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Homework Help: Proof that a limit is less than or equal to zero

  1. Sep 1, 2013 #1
    1. The problem statement, all variables and given/known data

    Proof that, If [itex]f[/itex] is a function such that

    (1) [itex]f[/itex] is differentiable at (open) the interval [itex]D[/itex],

    (2) [itex]D[/itex] includes [itex]0[/itex] and [itex]f(0)=0[/itex], and

    (3) for all [itex]x[/itex] in [itex]D[/itex] other than [itex]0[/itex], [itex]f(x)[/itex] and [itex]x[/itex] have opposite signs



    2. Relevant equations


    3. The attempt at a solution

    I managed to prove that for all [itex]x[/itex] in [itex]D[/itex] other than [itex]0[/itex]


    I don't know how to get from there to the fact that

    [itex]lim _{x\rightarrow0} \frac{f(x)-f(0)}{x-0}\leq0[/itex]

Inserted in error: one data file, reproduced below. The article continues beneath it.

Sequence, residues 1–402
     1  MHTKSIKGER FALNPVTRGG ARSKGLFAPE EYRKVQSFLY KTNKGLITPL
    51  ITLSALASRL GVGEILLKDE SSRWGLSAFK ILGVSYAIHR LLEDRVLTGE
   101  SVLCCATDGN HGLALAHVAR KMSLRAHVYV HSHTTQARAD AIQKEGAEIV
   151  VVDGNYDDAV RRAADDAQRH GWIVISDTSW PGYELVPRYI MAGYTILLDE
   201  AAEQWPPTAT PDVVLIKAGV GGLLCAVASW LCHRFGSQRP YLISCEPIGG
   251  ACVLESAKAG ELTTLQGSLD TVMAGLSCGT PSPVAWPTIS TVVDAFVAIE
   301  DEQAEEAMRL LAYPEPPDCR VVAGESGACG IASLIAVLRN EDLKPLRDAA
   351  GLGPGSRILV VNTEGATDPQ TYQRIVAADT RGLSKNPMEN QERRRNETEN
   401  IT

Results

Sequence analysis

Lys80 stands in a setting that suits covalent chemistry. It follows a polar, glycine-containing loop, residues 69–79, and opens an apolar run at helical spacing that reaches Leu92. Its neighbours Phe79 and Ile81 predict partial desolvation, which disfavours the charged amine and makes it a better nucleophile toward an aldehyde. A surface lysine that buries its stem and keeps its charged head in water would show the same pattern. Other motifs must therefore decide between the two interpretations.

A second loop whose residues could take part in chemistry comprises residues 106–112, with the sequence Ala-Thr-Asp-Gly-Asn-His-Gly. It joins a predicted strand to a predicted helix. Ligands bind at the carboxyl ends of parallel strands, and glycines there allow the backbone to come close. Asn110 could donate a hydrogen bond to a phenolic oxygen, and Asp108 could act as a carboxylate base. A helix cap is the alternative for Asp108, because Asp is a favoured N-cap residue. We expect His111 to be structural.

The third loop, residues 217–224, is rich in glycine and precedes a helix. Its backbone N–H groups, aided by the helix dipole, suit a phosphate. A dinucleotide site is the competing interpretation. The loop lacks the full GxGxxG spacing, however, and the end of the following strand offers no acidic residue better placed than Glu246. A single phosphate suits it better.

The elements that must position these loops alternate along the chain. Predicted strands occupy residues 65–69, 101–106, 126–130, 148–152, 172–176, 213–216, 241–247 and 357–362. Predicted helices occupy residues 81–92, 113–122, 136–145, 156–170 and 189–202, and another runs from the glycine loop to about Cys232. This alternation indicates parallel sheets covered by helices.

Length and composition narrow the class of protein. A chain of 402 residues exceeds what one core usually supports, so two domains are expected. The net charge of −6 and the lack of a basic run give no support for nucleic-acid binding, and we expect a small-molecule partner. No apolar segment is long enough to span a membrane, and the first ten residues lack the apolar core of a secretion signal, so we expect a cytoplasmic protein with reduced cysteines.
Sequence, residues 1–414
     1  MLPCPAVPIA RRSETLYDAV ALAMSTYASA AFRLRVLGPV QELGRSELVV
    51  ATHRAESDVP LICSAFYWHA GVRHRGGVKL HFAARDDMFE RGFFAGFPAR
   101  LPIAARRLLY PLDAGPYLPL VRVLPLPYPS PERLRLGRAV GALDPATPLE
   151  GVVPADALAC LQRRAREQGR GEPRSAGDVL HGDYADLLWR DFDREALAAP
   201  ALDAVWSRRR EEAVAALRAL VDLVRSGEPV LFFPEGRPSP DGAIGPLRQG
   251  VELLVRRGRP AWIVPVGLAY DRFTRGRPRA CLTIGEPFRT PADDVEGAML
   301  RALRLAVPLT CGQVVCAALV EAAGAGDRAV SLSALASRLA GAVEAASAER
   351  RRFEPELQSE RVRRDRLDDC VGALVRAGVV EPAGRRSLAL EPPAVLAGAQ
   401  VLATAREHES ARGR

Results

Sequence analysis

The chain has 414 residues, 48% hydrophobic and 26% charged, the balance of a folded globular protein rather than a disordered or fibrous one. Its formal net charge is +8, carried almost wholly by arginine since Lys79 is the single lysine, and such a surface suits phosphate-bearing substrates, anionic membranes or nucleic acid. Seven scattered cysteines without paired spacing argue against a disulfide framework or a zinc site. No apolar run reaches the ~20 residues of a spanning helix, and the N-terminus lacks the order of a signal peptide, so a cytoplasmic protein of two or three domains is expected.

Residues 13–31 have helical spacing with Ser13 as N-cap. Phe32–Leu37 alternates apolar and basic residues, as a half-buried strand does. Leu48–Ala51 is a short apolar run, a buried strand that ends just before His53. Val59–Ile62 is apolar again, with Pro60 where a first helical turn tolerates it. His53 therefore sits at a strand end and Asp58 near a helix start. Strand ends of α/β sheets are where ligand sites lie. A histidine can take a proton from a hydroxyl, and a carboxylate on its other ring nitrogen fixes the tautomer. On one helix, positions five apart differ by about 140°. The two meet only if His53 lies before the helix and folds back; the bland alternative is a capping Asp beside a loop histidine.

Any help would be very appreciated. Thanks.
    Last edited: Sep 1, 2013
  2. jcsd
  3. Sep 1, 2013 #2
    If for some function [itex]g(x)[/itex] we have [itex]lim _{x\rightarrow0}g(x)=L>0[/itex], then can you argue that [itex]g(x)[/itex] must be positive in some (-δ,δ)\{0} by considering a certain ε>0?
    Last edited: Sep 1, 2013
  4. Sep 1, 2013 #3
    Okay, I got it. If the limit equals [itex]k[/itex] and [itex]k>0[/itex], then

    [itex]\forallε>0\:\existsδ>0 (|x|<δ \rightarrow \left|\frac{f(x)-f(0)}{x-0}-k\right|<ε)[/itex]

    implies (for [itex]ε=k/2[/itex]) that

    [itex]\existsδ>0 (|x|<δ \rightarrow \frac{k}{2}<\frac{f(x)-f(0)}{x-0}<\frac{3k}{2})[/itex]

    But [itex]\frac{k}{2}<\frac{f(x)-f(0)}{x-0}<\frac{3k}{2}[/itex] cannot be true at [itex](0,δ)[/itex], because it would contradict statement (3).

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